Anyone facing a 3rd offense DUI (meaning anyone who has 2 or more prior alcohol-related driving convictions) will, simply by virtue of each of his or her past convictions, automatically score above what’s necessary to fall into the range of having a drinking problem, so our focus must be upon making sure he or she doesn’t unnecessarily and otherwise score above and beyond that, and to use any kind of counseling or treatment he or she has undertaken proactively in such a way as to help in that regard.
The alcohol screening test is part of the larger PSI process, which includes a mandatory interview with the probation officer. The probation officer will thereafter gather background information about the person, get the facts of the current case, and then, using all of those things, together with the person’s result from the alcohol screening test, will generate a written sentencing recommendation that is sent to the Judge advising him or her exactly what to do to the person.
That recommendation is, by far, the single most important determining factor in the outcome of the case.
In all DUI cases, the sentencing recommendation can really be seen as a blueprint for what’s going to happen. Accordingly, the key to getting a better (meaning more lenient) sentence is for the lawyer to thoroughly prepare the client for the PSI (something my team and I do) and, thereby, to make sure he or she gets a better sentencing recommendation in the first place.
If the reader has any prior DUI convictions, then he or she should be familiar with how all of this works. A fuller discussion of this important phase would take us off course and bloat this already long-enough, 6-part article, so anyone interested should follow the included links for more information.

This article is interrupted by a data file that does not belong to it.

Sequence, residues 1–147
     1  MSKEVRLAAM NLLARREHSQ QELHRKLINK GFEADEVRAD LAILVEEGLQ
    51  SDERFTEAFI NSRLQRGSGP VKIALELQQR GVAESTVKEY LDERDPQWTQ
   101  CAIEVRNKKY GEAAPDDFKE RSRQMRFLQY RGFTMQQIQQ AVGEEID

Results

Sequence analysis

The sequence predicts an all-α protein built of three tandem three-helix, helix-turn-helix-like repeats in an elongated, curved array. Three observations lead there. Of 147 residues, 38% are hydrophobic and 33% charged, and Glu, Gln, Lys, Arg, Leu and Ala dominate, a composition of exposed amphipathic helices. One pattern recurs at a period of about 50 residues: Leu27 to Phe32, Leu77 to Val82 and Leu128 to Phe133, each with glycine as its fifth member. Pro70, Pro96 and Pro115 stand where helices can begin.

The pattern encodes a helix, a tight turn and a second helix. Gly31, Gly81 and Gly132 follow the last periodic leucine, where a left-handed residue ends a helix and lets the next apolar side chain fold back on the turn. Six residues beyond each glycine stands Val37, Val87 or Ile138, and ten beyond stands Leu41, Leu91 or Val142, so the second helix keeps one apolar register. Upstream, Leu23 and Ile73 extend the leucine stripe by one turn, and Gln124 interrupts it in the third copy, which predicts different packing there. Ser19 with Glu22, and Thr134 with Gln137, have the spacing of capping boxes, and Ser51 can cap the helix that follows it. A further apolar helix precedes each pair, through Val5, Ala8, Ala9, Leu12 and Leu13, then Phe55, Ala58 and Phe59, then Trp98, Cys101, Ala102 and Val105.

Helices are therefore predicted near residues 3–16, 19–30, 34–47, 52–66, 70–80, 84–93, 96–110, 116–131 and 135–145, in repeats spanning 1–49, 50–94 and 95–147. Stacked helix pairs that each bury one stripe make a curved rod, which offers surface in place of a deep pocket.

Once a person has gone through the PSI and the sentencing recommendation has been prepared by the probation officer and sent to the Judge, then the case is ready for its final step in the court process – the sentencing.
SENTENCING. This is where the Judge decides what he or she is going to do to the person as the result of his or her 3rd offense DUI conviction. Put another way, this is where you find out what is going to happen to you.
As noted above, the PSI report and accompanying sentence recommendation are critical in all of this. The importance of that really cannot be overstated.
Not surprisingly, more favorable (as in more lenient) outcomes are the result of good work, and the necessary efforts to make that happen begins from the moment a lawyer takes on the case. Some of the first proactive steps taken right at the outset will become important here.
This is also where a person will reap the benefits of having the right lawyer. Any attorney in the world can take someone’s money, stand next to them at sentencing, and drone on to the Judge about how sorry the person is, and that he or she wants to just put this in the past and move on with life.
In that moment, however, the lawyer is either going to grab and hold the Judges attention – or not.
Whatever else, a person should never look back and realize that he or she paid for “or not.”
Instead, the lawyer must persuade the Judge, by showing through the person’s proactive steps taken from the outset of the case, that he or she really has “seen the light,” so to speak, and this case really was a true wake-up call for him or her.
The voice of the lawyer is important, but it cannot stand alone. This is why a DUI case really is a team effort between the attorney and client. This is also where, as the old saying goes, “the proof is in the pudding.” No matter what any lawyer says or writes or whatever, the gold standard never changes – Success in a DUI case is always best measured by what does NOT happen to you.
That’s the boiled down version of the 5 stages and legal process in 3rd offense Michigan DUI cases. As far as the case itself, a 3rd offense drunk driving case, like any other criminal or DUI matter, really does turn on the evidence. Obtaining and carefully examining that evidence is the first step, but then it must be properly managed.
We’ll leave off here, and come back, in part 4, to look at the role of evidence, and begin examining some of the other realities anyone facing a 3rd offense DUI charge will have to deal with.